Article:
The recommended therapeutic dosage schedule of floxuridine by continuous arterial infusion is 0.1 to 0.6 mg/kg/day. The higher dosage ranges (0.4 to 0.6 mg) are usually employed for hepatic artery infusion because the liver metabolizes the drug, thus reducing the potential for systemic toxicity. Therapy can be given until adverse reactions appear. (See PRECAUTIONS). When these side effects have subsided, therapy may be resumed. The patients should be maintained on therapy as long as response to floxuridine continues.
Procedures for proper handling and disposal of anticancer drugs should be considered. Several guidelines on this subject have been published. 1-7 There is no general agreement that all of the procedures recommended in the guidelines are necessary or appropriate.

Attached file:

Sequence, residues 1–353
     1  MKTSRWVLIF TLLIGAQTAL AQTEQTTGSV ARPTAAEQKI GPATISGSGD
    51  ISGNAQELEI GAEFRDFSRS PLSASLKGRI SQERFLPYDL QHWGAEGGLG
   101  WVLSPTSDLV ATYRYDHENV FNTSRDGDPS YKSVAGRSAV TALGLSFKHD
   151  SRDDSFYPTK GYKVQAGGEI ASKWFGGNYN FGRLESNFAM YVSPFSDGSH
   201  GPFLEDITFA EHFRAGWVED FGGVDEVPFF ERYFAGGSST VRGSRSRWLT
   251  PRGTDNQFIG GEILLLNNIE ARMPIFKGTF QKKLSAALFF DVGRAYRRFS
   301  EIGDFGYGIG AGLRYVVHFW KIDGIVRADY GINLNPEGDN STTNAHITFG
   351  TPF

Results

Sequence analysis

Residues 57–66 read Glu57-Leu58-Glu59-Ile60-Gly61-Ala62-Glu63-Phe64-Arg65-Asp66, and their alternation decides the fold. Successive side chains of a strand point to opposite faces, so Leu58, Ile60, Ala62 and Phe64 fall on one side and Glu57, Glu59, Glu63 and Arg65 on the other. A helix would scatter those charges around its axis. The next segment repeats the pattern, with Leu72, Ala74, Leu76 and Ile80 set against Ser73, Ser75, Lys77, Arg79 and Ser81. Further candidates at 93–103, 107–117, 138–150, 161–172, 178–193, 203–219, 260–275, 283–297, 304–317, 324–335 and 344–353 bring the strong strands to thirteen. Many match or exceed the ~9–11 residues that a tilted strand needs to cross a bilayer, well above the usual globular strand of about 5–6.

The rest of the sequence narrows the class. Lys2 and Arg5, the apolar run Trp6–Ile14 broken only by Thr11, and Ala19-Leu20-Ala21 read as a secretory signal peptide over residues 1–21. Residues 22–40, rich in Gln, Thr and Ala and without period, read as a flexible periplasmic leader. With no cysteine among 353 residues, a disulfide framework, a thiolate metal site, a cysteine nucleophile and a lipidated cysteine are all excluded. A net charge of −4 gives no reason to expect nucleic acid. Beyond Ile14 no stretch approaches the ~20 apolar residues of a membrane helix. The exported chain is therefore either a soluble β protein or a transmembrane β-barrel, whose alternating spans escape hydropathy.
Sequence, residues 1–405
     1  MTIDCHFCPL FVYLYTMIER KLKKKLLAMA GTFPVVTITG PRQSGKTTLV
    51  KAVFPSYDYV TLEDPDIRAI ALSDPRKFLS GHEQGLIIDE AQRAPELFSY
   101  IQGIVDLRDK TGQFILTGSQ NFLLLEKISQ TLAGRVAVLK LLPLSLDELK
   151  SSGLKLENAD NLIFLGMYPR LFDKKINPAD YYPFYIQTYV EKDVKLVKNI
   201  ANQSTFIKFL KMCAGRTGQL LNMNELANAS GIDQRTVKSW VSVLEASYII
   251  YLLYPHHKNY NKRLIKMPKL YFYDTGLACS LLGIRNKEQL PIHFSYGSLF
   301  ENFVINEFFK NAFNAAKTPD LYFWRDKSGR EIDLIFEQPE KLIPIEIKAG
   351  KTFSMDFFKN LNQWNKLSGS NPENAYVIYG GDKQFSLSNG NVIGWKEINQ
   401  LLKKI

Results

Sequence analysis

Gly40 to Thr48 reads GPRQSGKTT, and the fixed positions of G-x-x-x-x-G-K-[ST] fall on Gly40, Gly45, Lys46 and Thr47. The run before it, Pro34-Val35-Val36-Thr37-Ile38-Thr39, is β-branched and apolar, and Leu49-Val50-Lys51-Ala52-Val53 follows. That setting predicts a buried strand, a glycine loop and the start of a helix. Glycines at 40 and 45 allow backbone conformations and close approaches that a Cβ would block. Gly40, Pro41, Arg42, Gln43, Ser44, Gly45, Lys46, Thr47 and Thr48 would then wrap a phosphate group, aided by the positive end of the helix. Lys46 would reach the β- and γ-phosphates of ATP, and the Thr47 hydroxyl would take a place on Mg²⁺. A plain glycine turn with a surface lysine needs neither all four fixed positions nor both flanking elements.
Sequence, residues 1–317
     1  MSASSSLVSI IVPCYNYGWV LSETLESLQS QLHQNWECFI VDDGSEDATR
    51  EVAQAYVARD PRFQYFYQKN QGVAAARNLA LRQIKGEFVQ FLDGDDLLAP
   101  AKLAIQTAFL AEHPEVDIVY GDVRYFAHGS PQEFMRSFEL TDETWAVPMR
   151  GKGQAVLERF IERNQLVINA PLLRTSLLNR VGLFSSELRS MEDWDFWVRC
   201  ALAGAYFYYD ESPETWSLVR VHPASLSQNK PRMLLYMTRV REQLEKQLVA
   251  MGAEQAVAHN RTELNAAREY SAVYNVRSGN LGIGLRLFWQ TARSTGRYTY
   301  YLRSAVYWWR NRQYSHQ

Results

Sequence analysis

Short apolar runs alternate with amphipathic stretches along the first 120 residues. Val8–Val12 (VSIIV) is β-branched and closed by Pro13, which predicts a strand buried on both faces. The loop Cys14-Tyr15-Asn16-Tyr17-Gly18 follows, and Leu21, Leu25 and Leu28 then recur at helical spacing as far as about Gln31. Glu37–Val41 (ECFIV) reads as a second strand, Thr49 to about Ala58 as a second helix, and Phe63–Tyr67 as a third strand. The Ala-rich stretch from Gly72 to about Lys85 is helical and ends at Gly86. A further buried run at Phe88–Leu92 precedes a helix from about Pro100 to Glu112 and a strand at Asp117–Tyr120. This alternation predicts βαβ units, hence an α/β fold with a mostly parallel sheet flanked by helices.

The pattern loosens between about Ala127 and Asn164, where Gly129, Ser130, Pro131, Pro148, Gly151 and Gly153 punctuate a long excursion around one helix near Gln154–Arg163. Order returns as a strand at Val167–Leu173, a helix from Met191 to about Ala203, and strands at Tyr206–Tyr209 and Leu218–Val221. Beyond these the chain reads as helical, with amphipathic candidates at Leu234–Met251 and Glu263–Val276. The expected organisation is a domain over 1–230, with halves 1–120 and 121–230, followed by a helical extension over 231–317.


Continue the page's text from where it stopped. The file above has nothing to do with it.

|Product No.||NDC No.|
|104507||63323-145-07||Floxuridine for Injection, USP, 500 mg floxuridine powder in a 5 mL vial, packaged individually. This is to be reconstituted with 5 mL sterile water for injection.|
The container closure is not made with natural rubber latex.
The sterile powder should be stored at 20° to 25°C (68° to 77°F) [see USP Controlled Room Temperature]. Reconstituted vials should be stored under refrigeration 2° to 8°C (36° to 46°F) for not more than 2 weeks.
- Recommendations for the safe handling of parenteral antineoplastic drugs. Washington, DC, US Government Printing Office NIH publication 83-2621.
- AMA Council Report. Guidelines for handling parenteral antineoplastics. JAMA. Mar 15, 1985, 253:1590-1592.